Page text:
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How I didn’t make it as a manager: Being the star of your own movie means you have to hit a fork in the road. Or several of them.

How I didn’t make it as a manager: Being the star of your own movie means you have to hit a fork in the road. Or several of them.

A while ago, I started training new and front line managers through a series called “How not to Suck as a manager”. Some people liked it, some thought it was inappropriate, some made me change the title so it could fit within their stated goals and objective.

I didn’t just do it for the catchy title. It’s because I was there. I have sucked as a manager. And I have learned – through people, research, breaking things, fixing them, and breaking them again – How NOT to suck as a manager.

And yet… so many people still suck at being a manager, don’t they?

Why is that?

A few years ago, I was promoted to lead a large department – over 150 people – as well as a few managers, assistants and support. The group I was in, however, was failing… for months. We couldn’t get it right, no matter how hard we worked, no matter how many hours we put in. It just wasn’t working. Complaining that our numbers were too aggressive and unrealistic wasn’t an option. We had to make due and persevere despite our misgivings.

To be truly honest, it was a dark time for me. I had started my job with VIGOROUS energy – within a few months, it was all gone. It was replaced by a bottomless abyss in my brain that made me play, “Hold On,” by KT Tunstall on my way to work – over and over – just to tell myself I could get through the day!

I hated my job. I hated failing. Over and over. I hated being yelled at. Over and over. I hated never getting it right.

So, I consolidated my precious resources and let go of the one thing that I had actually done well – taking care of my people. I focused my efforts on overcoming being yelled at – and stopped paying attention to the 150 people that depended on me for guidance, direction and motivation. I stopped caring about their needs and basically focused only on mine.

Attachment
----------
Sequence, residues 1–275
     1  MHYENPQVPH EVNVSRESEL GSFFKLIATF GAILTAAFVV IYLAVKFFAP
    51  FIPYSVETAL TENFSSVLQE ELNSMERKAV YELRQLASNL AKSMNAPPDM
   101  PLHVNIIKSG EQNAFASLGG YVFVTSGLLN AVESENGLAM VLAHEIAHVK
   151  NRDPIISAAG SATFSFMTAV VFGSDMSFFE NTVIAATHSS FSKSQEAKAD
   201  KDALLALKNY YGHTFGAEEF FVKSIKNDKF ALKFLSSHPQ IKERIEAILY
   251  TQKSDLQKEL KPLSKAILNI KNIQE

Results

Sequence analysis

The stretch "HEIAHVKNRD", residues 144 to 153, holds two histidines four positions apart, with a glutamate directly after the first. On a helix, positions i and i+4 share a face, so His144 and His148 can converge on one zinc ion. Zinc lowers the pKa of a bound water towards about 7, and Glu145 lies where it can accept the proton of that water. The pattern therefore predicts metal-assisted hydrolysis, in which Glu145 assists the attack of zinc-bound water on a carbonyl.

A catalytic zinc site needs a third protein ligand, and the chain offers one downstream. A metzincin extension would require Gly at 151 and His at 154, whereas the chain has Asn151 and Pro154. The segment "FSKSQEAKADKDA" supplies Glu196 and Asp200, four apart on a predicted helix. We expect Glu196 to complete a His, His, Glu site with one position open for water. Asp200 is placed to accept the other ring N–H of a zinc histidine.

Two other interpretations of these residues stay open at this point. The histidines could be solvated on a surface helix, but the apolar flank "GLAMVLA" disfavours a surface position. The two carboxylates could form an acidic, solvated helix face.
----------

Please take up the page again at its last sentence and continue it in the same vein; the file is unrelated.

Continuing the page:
It went from bad to worse for me. Although I’ve been in a number of challenging places, including the military, deployed on the other side of the world, I hit manager, job, and leadership rock bottom.

I officially sucked as a manager.

It happens to everyone, at some point, every time. You WILL struggle at a level to get through to someone (even if you’re the best manager there is), to get a point across, to get a goal accomplished.

In times like these, I call on Mr. Thomas Edison for support: “Many of life’s failures are people who did not realize how close they were to success when they gave up.”

You can get the prize at the end –  you just have to try one more time to get it – to get past that fork in the proverbial road. Mr. Edison continues, “Our greatest weakness lies in giving up. The most certain way to succeed is always to try just one more time.”

I did finally wake up and realize that I had to focus on my 10% – what I could impact? What could I influence? I went back to supporting my people and clearing the way for them to get the job done.

And you know what? They did. We were trapped in the “jungle” and found our way out. We ended up significantly stronger – as individuals and as a group – than when we started. Within 6 months, our team was out of the hole, and in less than a year, were one of the strongest departments in the country in our line of work. Several of my people were promoted out of the department (aka – stolen from us because they were so good!) and I continued on into other roles.

I never forgot that time, and the one strategy I will never carry out again. Although I had to suck as a manager to understand it, I learned and I found strength myself.

What about you? How do you “make” it as a manager? How do you not suck as a manager? Share your story and what you’ve learned here. One winner will get a $25 Amazon gift card. He hEE




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